(:latex:) \begin{equation*} P(D) = \frac{\hbox{volume of $D$}}{\hbox{total volume of all outcomes}}. \end{equation*} (:latexend:)

Here "volume" depends on the dimension of the experiment. For instance, the spinner has dimension 1 (where volume is really just the length) since any point on the circumference can be specified by a single value (say, the angle of the arrow relative to the positive ($x$)-axis). So a spinner is considered fair if the probability of the arrow landing in a certain range along the circumference equals the length of that range divided by the total circumference of the circle.



Find the probability that a randomly chosen angle ($\theta$) has ($ \sin \theta>\frac{1}{2}$)?

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We can visualize the sine of the angle by considering a unit circle, and noting that sine is the ($y$)-coordinate of a point on the circle:

Then one finds that the angles for which ($\sin \theta>\frac{1}{2}$) are

(:latex:) \[ \frac{\pi}{6}< \theta < \frac{5 \pi}{6}. \] (:latexend:)

The length of this portion of the circumference of the circle is ($\frac{4 \pi}{6}$), and so the probability of a random angle ($\theta$) satisfying ($\sin \theta > \frac{1}{2}$) is

(:latex:) \begin{align*} P &= \frac{4 \pi/6}{2 \pi}
&= \frac{1}{3}. \end{align*} (:latexend:)


Find the probability that a randomly chosen angle ($\theta$) has ($\tan \theta > 0$).

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Note that tangent is positive when sine and cosine have the same sign, i.e. if sine and cosine are both positive or if sine and cosine are both negative. This corresponds to the first and third quadrants of the unit circle:

The length of each these arcs is ($\frac{\pi}{2}$), and so the probability that ($\tan \theta > 0$) is

(:latex:) \begin{align*} P &= \frac{2 \cdot \pi/2}{2 \pi}
&= \frac{1}{2} \end{align*} (:latexend:)


In two dimensions, volume is really area, and so when computing the probability that a randomly chosen point in a region ($R$) in the plane lies within the region ($D$), we have

(:latex:) \[ P = \frac{\hbox{Area of $D$}}{\hbox{Area of $R$}}. \] (:latexend:)


A dartboard is circular with radius 9 inches:

The bullseye is a small circle at the center of the board. Find the radius of the bullseye so that the probability of hitting it is ($\frac{1}{100}$) (assuming a throw hits the board uniformly at random).

(:toggle hide show="Answer" box1:)

Ignoring the unnecessary detail of the dartboard, let the radius of the bull's eye be ($r$). Then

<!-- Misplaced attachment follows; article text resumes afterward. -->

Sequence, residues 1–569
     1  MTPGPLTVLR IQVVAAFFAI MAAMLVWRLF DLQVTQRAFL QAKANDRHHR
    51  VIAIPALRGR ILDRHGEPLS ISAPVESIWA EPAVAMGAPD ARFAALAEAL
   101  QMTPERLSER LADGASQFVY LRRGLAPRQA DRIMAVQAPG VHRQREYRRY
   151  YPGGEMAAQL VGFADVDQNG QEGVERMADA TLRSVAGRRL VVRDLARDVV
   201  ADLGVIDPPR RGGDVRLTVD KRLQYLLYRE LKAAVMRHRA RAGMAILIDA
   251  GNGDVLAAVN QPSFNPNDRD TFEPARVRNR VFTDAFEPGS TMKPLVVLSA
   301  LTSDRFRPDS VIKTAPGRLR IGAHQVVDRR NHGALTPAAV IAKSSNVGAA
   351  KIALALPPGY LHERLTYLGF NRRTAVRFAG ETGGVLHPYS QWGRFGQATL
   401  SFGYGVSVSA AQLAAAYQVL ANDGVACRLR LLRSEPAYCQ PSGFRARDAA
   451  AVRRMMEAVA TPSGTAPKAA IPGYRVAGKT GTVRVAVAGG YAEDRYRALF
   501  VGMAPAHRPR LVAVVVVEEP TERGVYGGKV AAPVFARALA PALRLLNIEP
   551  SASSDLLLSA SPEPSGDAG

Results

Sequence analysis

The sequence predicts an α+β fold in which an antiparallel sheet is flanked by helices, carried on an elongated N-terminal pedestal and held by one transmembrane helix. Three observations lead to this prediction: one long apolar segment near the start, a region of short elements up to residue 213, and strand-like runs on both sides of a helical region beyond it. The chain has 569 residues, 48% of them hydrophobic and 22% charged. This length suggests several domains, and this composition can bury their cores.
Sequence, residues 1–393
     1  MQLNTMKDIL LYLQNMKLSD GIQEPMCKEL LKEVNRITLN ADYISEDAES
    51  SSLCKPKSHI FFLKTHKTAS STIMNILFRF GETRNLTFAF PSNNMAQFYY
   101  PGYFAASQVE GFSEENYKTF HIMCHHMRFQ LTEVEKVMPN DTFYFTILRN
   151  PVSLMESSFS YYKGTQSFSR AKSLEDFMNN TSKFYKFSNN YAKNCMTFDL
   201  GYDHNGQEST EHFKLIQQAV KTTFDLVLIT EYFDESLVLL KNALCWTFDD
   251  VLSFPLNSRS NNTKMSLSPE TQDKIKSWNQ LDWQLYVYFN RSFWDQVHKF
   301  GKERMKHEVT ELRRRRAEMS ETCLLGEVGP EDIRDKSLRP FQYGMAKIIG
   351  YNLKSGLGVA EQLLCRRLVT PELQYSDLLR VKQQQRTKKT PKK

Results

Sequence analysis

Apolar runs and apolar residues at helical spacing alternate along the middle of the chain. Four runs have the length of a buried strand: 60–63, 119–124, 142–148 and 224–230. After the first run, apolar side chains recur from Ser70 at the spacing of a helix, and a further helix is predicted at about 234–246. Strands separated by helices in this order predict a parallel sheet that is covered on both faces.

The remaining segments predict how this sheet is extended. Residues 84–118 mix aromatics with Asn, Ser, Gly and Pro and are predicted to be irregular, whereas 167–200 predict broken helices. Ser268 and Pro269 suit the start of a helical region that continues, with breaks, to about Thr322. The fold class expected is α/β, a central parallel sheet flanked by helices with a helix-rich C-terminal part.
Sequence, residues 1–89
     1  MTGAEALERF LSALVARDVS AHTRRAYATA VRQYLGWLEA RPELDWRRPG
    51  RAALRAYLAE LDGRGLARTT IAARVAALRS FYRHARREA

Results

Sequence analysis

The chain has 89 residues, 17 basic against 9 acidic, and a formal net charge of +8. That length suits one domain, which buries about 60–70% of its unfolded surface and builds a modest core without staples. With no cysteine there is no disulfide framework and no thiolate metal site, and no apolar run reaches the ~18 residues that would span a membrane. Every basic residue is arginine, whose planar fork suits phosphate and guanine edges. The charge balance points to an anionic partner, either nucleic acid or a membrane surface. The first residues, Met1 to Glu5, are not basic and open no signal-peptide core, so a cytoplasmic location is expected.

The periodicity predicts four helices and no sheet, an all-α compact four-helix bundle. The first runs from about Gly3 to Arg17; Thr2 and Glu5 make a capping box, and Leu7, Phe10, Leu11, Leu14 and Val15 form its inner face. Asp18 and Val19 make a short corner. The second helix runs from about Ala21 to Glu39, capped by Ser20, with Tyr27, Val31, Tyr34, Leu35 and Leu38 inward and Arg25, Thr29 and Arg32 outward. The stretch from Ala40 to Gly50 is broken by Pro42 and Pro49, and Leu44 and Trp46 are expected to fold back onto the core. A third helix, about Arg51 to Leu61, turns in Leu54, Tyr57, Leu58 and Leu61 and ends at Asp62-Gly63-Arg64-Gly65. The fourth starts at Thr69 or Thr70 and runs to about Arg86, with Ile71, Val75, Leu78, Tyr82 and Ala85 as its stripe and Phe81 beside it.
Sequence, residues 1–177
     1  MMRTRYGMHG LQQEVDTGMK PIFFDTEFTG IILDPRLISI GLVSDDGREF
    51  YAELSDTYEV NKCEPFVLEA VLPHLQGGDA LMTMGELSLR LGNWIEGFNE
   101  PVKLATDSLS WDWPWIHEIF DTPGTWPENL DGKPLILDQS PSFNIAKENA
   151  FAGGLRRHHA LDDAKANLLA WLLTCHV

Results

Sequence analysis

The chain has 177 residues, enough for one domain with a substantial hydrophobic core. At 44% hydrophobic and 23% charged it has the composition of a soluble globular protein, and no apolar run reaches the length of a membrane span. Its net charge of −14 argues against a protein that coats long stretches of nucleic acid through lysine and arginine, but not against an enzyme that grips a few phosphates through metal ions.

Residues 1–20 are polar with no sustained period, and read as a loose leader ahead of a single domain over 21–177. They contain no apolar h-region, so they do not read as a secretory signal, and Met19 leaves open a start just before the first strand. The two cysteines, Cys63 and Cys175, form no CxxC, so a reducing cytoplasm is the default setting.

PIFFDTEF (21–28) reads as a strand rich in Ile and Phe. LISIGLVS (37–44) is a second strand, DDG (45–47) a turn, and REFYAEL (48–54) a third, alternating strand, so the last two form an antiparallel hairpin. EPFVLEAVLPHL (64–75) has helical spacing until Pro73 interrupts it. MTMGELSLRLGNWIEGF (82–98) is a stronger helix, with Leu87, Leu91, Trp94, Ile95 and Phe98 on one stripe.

(:latex:) \begin{align*} P\left((\hbox{ bullseye }\right) &= \frac{A(\hbox{ bullseye })}{A(\hbox{ board })}
&= \frac{\pi r^2}{\pi \cdot 9^2}
&= \frac{r^2}{81}. \end{align*} (:latexend:)

Setting equal to ($\frac{1}{100}$) and solving gives ($r = 0.9$) inches. (In reality, the bullseye is much smaller, but the numbers worked out nicer in this example).


Find the probability that a randomly chosen point in a square lies within the circle inscribed in the square:

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If the radius of the circle is ($r$), then the side length of the square is ($2r$). Thus, the area of the circle is ($\pi r^2$) and the area of the square is ($(2r)^2 = 4r^2$). And so the probability that a point chosen at random within the square also lies within the circle is

(:latex:) \begin{align*} P &= \frac{\pi r^2}{4r^2}
&= \frac{\pi}{4}. \end{align*} (:latexend:)


Find the probability that a randomly chosen point in a circle lies in the equilateral triangle inscribed in the circle:

Hint: the area of an equilateral triangle of side length ($s$) is

(:latex:) \[ A = \frac{s^2 \sqrt{3}}{4}. \] (:latexend:)

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By doing a little bit of right triangle trigonometry:

we find that the side length of the triangle is

(:latex:) \[ s = r \sqrt{3}. \] (:latexend:)

Therefore, the area of the triangle is

(:latex:) \begin{align*} A &= \frac{s^2 \sqrt{3}}{4}
&= \frac{3 r^2 \sqrt{3}}{4}. \end{align*} (:latexend:)

And so the probability of a point within the circle being within the triangle is the ratio of the areas:

(:latex:) \begin{align*} \frac{\hbox{Area of triangle}}{\hbox{Area of circle}} &= \frac{1}{\pi r^2} \frac{3r^2 \sqrt{3}}{4}
&= \frac{3 \sqrt{3}}{ 4 \pi} \end{align*} (:latexend:)

There are some probability problems that do not seem geometric in nature but can be solved by graphing the possible outcomes and taking the ratio of the areas.


Xander and Yolanda want to meet up to study calculus. Each friend will arrive at the library at some random time between 5 pm and 6pm, wait 20 minutes for the other person, and then leave if the other person does not arrive in that time. Find the probability that the friends successfully meet up.

Hint: Let ($x$) be the number of minutes after 5 pm that Xander arrives and ($y$) be the number of minutes after 5 pm that Yolanda arrives. Now plot the possible arrival times as a region in the plane and determine the region which corresponds to them successfully meeting up.